1. Don’t bring your kid back from the dead, dumbass.
2. No, I’m serious. That never turns out well.
3. You see? What did I tell you? Why have no parents in the history of horror ever had as much sense as the ones in “The Monkey’s Paw” who wished their zombie kid away again? Don’t people have to read that in grade school anymore?
4. No, I said don’t bring people back from the dead, dumbass who is unable to learn from experience.
5. And now you’re going to – Jesus Christ. I wash my hands of you, you nutcase.
Quick: which movie are you watching? Pet Sematary or Wake Wood?
Really, I’d tell you the plot of Wake Wood but if you’ve seen Pet Sematary you’re pretty much familiar. Eva Birthistle and her gratifyingly hot husband Aidan Gillen lose their nine-year-old daughter to a freak dog attack. Trying to start over, they move to the small village of Wake Wood. Strange Goings-On lead them to the discovery that the citizens of the village can bring people back from the dead – but only for three days, so you can say goodbye. Sadly, they cannot guarantee that the aforementioned dead will return quite right.
Wake Wood is one of the first movies to come out of the resurrected Hammer Studios. It’s not nearly as satisfactory as one would have hoped from that beloved studio. The sad truth is that Wake Wood is derivative and unoriginal, offering nothing over the book version of Pet Sematary and nothing over the movie but Aidan Gillen’s glorious ass in jeans. It doesn’t even have Fred Gwynne getting slaughtered by a toddler.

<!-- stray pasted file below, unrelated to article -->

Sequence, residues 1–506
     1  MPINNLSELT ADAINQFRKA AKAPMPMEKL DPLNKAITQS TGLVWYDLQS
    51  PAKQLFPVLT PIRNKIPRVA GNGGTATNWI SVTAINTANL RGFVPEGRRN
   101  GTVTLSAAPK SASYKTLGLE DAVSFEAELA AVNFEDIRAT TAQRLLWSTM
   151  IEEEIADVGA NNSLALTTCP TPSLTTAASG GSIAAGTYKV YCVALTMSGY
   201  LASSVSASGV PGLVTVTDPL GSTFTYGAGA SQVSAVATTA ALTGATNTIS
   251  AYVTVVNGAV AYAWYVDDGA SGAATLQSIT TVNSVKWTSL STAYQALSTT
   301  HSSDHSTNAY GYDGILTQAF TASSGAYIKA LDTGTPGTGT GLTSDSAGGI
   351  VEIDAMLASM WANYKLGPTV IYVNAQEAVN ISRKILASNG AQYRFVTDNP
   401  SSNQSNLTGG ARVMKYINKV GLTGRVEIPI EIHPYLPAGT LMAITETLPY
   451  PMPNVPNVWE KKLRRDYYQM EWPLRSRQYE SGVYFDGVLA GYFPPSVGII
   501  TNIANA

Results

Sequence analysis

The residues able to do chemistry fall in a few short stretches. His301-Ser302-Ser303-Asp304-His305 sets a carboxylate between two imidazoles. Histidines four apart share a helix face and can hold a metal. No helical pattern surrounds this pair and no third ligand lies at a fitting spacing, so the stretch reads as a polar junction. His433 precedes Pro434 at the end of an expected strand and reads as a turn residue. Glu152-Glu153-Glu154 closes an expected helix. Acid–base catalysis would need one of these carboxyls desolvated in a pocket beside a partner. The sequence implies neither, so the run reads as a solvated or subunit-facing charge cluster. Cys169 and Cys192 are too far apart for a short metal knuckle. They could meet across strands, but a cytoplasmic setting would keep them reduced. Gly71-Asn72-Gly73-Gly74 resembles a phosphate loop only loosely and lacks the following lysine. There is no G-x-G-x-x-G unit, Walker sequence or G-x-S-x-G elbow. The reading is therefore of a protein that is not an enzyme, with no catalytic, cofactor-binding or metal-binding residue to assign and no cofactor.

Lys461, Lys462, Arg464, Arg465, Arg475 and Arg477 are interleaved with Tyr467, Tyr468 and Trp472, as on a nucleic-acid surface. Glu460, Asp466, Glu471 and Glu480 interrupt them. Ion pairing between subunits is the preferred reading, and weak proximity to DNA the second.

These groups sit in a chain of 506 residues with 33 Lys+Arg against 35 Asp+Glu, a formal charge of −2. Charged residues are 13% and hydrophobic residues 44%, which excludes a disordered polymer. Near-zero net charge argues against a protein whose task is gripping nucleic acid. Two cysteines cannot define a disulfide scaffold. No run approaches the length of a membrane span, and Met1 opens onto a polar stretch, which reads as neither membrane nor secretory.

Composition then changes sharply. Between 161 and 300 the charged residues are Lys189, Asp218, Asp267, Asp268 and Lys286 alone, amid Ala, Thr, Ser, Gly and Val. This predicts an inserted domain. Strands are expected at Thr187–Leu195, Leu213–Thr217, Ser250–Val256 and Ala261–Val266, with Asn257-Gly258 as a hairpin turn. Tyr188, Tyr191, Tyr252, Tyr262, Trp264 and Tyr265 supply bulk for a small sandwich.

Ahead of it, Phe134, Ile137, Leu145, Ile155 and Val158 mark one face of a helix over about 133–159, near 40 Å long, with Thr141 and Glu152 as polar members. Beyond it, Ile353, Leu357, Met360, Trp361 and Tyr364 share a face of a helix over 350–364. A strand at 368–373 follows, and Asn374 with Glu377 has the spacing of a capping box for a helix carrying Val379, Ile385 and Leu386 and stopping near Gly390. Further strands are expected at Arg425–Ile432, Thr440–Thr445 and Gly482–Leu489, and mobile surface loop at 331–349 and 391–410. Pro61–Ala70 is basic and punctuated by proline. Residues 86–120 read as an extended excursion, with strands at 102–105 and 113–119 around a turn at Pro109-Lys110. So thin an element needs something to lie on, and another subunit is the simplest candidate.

It wasn’t a bad movie. It was a little slow in places, but the acting was good and the cinematography was moody and atmospheric. The ending did not, as endings too often do, let the movie down with a thud. It’s just that there was nothing about it that didn’t leave me going “Yep, seen that before.”
So what’s the verdict? Two stars. If I’d never seen Pet Sematary I probably would have liked it better, though I didn’t like the fact that the harm against animals seemed gratuitous even for the animal-hating horror industry. It would have been much better if the filmmakers had just photoshopped Aidan Gillen and Eva Birthistle over Dale Midkiff and Denise Crosby and re-released Pet Sematary instead.